Soil chemical properties and wheat yields under different tillage and nitrogen rates in eastern Oregon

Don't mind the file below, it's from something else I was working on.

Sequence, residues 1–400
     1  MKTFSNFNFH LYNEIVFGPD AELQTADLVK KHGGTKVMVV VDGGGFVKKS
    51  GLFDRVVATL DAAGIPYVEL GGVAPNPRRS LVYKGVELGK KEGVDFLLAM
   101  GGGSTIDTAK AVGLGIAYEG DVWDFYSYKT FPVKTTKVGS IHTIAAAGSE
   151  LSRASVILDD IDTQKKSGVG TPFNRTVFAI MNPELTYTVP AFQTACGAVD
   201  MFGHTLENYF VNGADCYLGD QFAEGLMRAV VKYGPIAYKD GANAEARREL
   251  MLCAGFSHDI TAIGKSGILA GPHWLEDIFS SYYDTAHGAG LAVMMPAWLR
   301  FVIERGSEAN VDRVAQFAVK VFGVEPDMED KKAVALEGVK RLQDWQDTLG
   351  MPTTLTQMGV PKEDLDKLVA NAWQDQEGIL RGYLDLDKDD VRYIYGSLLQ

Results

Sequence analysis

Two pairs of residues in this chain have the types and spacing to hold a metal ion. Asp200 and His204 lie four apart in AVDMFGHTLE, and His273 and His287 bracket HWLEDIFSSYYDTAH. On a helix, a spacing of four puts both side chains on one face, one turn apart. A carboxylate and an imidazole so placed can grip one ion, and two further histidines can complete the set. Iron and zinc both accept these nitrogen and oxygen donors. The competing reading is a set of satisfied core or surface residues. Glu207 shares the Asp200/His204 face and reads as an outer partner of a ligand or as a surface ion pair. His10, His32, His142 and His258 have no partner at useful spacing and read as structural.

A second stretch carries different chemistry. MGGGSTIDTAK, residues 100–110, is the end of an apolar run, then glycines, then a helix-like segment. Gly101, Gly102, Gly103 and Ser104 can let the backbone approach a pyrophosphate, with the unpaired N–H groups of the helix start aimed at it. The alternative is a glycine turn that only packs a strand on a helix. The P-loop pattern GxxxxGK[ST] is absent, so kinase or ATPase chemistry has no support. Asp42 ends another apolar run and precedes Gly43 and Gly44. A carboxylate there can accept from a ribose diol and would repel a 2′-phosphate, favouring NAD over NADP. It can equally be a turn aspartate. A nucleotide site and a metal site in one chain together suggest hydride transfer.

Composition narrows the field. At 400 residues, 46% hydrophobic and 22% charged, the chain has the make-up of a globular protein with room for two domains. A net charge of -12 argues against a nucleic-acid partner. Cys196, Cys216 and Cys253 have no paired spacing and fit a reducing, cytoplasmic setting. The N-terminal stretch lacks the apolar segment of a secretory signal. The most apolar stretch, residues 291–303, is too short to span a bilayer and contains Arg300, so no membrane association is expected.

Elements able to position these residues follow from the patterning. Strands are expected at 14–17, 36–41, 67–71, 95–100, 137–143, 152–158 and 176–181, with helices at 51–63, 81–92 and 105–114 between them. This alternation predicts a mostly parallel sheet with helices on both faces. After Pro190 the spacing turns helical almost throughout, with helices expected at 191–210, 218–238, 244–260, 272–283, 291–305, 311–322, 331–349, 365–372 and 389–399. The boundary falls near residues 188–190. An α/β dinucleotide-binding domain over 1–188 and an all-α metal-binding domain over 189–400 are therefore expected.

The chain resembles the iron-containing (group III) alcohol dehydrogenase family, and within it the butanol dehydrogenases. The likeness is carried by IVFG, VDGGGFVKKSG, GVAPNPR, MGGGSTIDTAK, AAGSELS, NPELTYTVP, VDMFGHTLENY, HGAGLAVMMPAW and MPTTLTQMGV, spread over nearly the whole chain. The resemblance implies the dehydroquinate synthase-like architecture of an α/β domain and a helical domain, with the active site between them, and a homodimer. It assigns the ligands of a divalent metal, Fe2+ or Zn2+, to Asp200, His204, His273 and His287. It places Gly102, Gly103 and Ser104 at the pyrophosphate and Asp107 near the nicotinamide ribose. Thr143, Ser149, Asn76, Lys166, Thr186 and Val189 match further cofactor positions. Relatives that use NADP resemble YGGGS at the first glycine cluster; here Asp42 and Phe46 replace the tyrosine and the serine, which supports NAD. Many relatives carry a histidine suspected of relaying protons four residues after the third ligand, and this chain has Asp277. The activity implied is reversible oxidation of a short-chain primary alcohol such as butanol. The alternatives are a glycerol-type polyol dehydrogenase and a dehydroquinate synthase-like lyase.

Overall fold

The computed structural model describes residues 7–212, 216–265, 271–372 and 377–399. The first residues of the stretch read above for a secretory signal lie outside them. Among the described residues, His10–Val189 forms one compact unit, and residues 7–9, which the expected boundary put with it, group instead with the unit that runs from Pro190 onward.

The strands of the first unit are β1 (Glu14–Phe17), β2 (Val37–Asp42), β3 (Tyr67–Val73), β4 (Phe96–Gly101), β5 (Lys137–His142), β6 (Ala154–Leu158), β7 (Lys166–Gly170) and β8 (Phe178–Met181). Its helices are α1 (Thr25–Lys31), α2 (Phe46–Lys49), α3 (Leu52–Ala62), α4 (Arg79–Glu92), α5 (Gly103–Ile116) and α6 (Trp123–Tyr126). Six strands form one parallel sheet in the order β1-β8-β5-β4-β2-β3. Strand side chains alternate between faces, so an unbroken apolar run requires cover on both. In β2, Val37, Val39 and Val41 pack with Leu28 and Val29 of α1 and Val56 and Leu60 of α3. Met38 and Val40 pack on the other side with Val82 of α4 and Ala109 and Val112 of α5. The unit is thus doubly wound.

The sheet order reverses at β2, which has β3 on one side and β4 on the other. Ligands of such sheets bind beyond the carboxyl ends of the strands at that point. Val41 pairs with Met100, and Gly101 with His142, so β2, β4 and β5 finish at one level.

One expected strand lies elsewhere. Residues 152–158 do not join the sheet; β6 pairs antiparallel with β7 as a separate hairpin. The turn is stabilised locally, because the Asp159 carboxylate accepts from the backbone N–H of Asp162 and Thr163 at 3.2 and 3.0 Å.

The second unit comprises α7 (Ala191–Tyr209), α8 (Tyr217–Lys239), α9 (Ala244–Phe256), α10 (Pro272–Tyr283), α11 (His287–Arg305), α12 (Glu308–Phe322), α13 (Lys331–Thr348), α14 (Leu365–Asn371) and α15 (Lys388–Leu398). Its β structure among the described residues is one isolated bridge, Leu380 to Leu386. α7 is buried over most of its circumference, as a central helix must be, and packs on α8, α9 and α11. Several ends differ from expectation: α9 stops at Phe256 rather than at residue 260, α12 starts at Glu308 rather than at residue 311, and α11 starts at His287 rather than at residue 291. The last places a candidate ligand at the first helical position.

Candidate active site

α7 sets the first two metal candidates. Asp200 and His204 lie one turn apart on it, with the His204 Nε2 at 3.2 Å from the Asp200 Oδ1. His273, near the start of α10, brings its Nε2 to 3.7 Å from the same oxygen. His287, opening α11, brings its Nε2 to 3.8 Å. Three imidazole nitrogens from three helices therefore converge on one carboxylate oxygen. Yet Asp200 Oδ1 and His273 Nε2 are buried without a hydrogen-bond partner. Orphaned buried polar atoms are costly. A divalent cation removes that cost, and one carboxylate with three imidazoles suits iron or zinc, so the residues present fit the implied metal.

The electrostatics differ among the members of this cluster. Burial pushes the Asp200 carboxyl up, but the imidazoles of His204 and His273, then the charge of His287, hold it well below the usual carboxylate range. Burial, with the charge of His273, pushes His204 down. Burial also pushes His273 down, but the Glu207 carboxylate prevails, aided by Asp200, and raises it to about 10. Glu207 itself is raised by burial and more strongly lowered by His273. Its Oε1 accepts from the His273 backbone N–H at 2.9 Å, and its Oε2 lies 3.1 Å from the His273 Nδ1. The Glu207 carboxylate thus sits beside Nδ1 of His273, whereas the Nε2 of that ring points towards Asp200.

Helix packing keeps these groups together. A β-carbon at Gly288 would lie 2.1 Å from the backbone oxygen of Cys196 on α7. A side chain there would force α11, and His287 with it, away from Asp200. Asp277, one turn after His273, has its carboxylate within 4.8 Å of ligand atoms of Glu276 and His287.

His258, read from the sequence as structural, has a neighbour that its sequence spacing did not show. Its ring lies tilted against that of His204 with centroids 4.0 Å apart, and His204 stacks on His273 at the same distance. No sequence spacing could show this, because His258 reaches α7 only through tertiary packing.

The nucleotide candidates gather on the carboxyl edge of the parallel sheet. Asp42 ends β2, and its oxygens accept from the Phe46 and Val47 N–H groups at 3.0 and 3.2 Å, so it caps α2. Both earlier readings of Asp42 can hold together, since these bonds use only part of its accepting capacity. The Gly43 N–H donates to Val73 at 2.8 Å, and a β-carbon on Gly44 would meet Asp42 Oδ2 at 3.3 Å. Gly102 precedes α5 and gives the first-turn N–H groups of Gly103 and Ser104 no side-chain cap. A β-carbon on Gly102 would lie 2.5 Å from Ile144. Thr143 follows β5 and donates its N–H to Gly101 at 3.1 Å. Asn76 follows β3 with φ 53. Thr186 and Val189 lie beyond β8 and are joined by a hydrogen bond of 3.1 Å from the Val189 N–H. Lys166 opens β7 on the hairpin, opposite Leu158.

Tillage and nitrogen (N) application influence soil‐chemical properties and crop productivity. In a long‐term (76‐yr) wheat (Triticum aestivum L.)–fallow system in northeast Oregon, we assessed the effects of tillage (subsurface‐sweep, sweep; offset‐disk, disk; and moldboard plow, plow) and N application rates (0, 90, and 180 kg N ha−1) on soil organic matter (SOM), soil‐chemical properties in 0‐to‐30‐cm soil profile, and wheat yields. Sweep and disk exhibited more pronounced vertical gradient in soil chemical properties within the 0‐to‐30‐cm soil profile than plow due to shallow soil mixing. Across N rates, at 0‐to‐10‐cm depth, sweep and disk had lower pH (0.60), calcium (Ca; 0.32 g kg−1), magnesium (Mg; 83 mg kg−1), and estimated cation exchange capacity (CECe; 1.8 cmol kg−1), but higher SOM (9 g kg−1) and aluminum (Al; 26 mg kg−1) than plow. Below 10 cm, plow had lower pH (0.67–0.83), Ca (0.29–0.31 g kg−1), and CECe (1.7–1.8 cmol kg−1), but higher Al (13–16 mg kg−1) than disk and/or sweep. Across tillage treatments and depths, pH, Ca, Mg, and CECe generally decreased, whereas phosphorus, potassium, and Al increased with increasing N rates. Wheat yields increased by 14% from N application but did not differ between 90 and 180 kg N ha−1. Sweep and disk produced 9% less wheat yield than plow. Long‐term N application and grain removal of basic cations resulted in surface soil acidification under sweep and disk, which if not remedied, can decrease wheat productivity in this region.